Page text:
Alopecia Areata, an autoimmune disorder. That was my only answer. Many, many doctors appointments followed with the same response, “Don’t know where it came from. Don’t know if it will come back, don’t know if you will lose all of your hair.” Funny, of all the questions I had for them, not one of them asked ME any questions. “Cosmetically acceptable” that was their answer. They just wanted to make me, “cosmetically acceptable.” They gave me topical ointments to put on my bald patches, shot cortisone injections straight into my scalp. That was their answer, masking the symptoms of my hair falling out in clumps with medications, never getting to the root cause of the problem. Meanwhile, I went online and ordered a wig. But this wasn’t for a costume party. I was scared. I was so young. I thought I was healthy enough.

A couple years passed, the bald patches came and went. I was one of the lucky ones. My hair seemed to grow back, but then I’d find another bald patch. In 2009 I had another baby boy, Matthew, and suddenly about 5 months after his birth, another small patch appeared. This couldn’t be.

By now I had grown used to the idea of doing research on the internet. I was immersed, day and night. If my boys were napping, I was reading books, researching, trying to figure it out. I was not o.k. with having absolutely no answers. Deep into my research I found three symptoms, all interrelated, three symptoms that I had. I made a triad of a connection. Bingo. Maybe I had finally figured it out.

I went to my last dermatologist, the greatest, most revered dermatologist in the area. I asked him about food consumption relating to autoimmune disorders, specifically mine. A simple, “no” was all I got. Then I pushed farther with asking about gluten intolerance in relation to Alopecia Areata. He gave me that weird look my sisters gave me when I wore a mismatched outfit! Worse of all, he laughed at me.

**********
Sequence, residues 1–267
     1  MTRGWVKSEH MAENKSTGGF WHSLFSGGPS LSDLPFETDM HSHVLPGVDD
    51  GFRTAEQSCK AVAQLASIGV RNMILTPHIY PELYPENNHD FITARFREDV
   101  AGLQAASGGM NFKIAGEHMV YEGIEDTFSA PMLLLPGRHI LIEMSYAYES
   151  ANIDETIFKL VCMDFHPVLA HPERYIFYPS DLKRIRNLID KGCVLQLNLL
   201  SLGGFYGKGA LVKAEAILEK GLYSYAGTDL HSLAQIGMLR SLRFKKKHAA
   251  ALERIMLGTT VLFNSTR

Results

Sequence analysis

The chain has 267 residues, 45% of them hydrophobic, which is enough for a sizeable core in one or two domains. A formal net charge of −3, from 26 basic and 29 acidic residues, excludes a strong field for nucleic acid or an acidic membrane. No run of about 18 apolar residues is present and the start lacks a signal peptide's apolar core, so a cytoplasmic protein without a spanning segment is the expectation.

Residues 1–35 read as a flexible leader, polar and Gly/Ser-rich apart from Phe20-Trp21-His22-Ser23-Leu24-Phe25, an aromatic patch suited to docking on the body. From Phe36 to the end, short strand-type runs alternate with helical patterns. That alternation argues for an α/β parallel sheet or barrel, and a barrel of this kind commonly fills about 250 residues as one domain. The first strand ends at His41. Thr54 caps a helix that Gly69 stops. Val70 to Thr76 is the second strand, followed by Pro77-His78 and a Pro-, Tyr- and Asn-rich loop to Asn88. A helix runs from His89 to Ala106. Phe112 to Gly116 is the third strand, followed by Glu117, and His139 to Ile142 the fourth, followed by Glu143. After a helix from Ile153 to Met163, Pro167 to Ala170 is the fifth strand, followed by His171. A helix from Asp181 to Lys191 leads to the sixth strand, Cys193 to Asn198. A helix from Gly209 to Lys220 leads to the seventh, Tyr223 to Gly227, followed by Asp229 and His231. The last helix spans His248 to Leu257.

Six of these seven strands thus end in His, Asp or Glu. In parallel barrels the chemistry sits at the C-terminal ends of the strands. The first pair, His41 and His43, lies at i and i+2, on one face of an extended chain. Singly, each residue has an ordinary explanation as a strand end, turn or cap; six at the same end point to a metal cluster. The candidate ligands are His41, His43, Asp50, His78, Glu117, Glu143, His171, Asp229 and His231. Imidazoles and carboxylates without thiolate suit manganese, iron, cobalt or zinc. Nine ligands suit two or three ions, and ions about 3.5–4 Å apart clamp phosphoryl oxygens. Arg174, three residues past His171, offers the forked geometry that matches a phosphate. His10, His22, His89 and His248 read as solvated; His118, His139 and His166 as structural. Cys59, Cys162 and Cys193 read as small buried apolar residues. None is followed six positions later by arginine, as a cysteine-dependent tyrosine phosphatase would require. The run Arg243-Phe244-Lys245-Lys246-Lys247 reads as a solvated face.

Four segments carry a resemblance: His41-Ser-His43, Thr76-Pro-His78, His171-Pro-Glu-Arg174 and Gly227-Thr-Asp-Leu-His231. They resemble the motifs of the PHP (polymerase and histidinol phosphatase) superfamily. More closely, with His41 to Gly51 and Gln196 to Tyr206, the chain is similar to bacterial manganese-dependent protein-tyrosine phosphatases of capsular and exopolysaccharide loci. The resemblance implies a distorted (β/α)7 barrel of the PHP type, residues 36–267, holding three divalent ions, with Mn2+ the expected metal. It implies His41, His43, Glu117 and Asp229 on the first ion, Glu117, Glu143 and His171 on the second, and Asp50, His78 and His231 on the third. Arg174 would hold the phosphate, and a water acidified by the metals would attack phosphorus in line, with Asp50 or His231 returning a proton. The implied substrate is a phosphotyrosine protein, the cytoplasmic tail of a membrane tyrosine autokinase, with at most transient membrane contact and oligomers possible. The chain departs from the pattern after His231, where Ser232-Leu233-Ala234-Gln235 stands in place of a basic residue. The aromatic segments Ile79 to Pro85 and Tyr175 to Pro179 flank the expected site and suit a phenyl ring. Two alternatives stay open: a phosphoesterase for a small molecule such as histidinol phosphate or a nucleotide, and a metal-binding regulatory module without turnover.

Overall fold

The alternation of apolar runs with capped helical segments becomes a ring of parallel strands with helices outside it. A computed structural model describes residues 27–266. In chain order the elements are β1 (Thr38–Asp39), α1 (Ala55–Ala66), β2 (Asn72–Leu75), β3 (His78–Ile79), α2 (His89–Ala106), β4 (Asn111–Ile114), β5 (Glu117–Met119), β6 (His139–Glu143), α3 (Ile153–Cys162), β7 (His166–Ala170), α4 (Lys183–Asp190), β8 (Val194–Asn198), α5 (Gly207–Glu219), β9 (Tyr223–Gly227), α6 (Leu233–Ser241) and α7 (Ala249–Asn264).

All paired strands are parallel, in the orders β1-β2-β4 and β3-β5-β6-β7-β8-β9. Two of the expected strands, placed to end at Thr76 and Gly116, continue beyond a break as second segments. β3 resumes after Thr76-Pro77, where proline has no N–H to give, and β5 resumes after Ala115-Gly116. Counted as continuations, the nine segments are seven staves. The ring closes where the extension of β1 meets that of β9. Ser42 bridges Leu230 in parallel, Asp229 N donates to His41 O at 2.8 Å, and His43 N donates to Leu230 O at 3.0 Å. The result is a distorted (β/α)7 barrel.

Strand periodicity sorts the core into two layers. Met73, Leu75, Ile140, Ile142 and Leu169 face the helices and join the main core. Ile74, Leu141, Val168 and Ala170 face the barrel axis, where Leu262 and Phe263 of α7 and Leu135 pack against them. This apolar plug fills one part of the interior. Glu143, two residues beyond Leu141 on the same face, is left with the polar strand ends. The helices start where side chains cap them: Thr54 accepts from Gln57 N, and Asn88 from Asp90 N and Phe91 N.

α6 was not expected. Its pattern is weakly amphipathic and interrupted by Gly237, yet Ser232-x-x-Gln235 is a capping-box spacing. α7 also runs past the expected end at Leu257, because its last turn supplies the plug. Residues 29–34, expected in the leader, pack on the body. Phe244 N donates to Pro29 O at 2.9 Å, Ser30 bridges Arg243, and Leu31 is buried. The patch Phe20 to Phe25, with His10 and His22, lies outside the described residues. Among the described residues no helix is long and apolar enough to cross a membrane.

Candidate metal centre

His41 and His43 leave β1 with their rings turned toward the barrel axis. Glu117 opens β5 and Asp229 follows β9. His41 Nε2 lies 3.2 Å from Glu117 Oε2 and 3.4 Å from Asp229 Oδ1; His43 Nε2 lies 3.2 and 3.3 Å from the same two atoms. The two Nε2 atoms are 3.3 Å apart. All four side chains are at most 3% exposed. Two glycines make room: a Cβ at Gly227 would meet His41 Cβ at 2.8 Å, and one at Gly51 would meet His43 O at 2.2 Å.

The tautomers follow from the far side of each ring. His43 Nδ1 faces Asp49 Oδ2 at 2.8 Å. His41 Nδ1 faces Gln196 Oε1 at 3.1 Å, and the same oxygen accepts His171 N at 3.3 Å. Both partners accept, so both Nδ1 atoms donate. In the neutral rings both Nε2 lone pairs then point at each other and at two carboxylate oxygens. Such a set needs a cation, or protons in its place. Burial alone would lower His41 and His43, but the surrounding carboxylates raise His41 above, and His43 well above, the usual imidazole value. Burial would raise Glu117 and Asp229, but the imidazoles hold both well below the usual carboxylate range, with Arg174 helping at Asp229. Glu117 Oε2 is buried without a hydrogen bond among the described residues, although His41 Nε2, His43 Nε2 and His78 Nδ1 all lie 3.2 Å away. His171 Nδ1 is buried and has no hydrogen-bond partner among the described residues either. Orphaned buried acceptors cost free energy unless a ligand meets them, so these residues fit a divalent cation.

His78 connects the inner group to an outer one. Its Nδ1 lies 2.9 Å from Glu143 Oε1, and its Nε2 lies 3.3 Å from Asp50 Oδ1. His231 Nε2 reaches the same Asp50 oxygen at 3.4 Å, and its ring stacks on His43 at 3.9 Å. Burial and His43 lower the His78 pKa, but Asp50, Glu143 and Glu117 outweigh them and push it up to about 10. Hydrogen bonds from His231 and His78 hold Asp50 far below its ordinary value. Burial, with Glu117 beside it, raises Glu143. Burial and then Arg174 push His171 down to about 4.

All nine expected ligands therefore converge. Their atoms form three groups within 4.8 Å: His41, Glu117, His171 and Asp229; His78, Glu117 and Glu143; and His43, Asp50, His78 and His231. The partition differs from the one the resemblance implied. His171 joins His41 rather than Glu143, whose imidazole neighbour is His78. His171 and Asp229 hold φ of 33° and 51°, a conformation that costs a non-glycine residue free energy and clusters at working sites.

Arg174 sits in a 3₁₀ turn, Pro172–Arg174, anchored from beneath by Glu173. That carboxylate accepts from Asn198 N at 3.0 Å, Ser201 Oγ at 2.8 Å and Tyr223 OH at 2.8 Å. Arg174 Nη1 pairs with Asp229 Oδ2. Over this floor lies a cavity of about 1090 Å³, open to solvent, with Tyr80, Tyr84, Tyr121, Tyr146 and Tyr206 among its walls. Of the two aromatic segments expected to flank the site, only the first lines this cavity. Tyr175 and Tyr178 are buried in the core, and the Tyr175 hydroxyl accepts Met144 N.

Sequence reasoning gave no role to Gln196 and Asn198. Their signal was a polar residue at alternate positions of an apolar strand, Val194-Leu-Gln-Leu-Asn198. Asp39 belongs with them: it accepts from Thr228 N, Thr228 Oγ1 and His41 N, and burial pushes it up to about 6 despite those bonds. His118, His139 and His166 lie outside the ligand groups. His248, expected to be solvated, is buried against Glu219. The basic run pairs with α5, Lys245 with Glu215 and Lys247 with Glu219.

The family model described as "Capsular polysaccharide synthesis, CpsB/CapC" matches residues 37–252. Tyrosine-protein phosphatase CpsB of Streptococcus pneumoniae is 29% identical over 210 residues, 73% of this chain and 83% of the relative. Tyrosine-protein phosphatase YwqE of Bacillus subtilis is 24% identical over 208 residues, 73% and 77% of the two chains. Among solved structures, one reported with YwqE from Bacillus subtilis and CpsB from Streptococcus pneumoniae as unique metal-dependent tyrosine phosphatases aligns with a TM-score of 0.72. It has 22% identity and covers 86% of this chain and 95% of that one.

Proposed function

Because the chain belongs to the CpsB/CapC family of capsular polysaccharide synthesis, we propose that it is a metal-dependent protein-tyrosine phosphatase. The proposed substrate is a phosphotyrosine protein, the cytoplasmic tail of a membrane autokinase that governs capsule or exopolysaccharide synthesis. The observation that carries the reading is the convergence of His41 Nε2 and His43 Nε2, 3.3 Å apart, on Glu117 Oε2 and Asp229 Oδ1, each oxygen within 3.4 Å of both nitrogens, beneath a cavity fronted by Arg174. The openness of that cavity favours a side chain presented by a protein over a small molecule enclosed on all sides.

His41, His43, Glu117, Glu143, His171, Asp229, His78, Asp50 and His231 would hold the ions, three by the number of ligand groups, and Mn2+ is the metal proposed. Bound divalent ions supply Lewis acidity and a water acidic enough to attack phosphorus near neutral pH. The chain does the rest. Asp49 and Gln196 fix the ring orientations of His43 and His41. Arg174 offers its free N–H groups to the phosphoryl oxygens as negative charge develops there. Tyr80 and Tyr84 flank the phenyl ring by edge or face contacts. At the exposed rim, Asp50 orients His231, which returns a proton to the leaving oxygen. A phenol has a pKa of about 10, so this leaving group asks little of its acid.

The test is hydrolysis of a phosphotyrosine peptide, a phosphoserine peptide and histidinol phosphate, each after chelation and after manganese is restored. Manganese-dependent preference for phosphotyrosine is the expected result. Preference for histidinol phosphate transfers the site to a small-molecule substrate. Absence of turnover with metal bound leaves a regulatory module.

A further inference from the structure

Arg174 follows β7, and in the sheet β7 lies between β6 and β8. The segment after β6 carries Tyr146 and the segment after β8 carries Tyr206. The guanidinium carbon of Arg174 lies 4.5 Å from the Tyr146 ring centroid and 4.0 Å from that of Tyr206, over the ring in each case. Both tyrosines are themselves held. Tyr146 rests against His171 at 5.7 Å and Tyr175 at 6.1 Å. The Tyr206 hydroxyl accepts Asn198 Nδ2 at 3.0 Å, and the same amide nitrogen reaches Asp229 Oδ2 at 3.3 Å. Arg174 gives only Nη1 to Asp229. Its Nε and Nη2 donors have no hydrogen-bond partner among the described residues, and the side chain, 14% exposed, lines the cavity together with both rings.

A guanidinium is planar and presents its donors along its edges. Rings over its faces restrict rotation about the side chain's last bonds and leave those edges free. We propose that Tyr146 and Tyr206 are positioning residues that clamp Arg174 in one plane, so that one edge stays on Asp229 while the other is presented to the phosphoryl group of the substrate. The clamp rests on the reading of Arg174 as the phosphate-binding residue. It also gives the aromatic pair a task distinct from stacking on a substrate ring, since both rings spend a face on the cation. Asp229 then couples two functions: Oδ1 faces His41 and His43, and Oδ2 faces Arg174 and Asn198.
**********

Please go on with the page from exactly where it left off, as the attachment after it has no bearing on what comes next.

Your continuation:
I guess that was all I needed. Determined to prove him wrong, I dove straight into my gluten free life. Three days into it I felt better than I had in months, and two weeks later I felt better than I had in years. All this time I didn’t even realize how poorly I actually felt, physically. To my amazement, my achy joints went away. Earlier in the year my knees hurt so much I thought I might never ski again. Now I was actually able to run without any knee pain. Happy with feeling so good, I thought I should share this with another doctor and ask him about my autoimmune disorder and how it may be affected by my nutrition. So, I went to my General Practitioner. He listened. My God! He listened! He wanted to run tests for me. So, I went off my gluten free diet for two weeks, so the tests would show properly, and to my amazement, I did not have any genetic predisposition for celiac disease. The doctor did reiterate to me that it did not mean that I didn’t have an intolerance or sensitivity to gluten. His recommendation was to continue with eating gluten free if it fit my lifestyle and made me feel better. So I did.

That was July of 2009. Since that time, I have not had one returning episode of Alopecia Areata. I have devoted every spare moment I have to reading and researching anything and everything relating to nutrition, its effects on the body, health and fitness. It has become my utmost passion, understanding how the food we choose to put in our body effects our health.

Today, I am almost 40 years old, live a raw, high carbohydrate, plant-based lifestyle. I have the energy to exercise every day, keep up with my growing boys, family life and my work as a Nutritional Therapy Practitioner and Health Coach. I feel I am in the best shape of my life, physically, mentally, emotionally and spiritually.

My story isn’t unique. Feeling sick in your body is bad enough, but feeling alone in the process is worse. I wish I had someone to hold my hand, to listen and guide me. Now, I am determined and equipped to be that person to help others. From the beginning to the end, food is our medicine, and given half the chance, our bodies have the innate and profound ability to heal themselves. After all, that is the way our bodies were created.

You wonder about that wig I bought online? I threw it away.



Meet Julie



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It is my pleasure and honor to support you on your journey to Envious Health.

Phone: (847) 477-5958
Email: Julie@envioushealth.com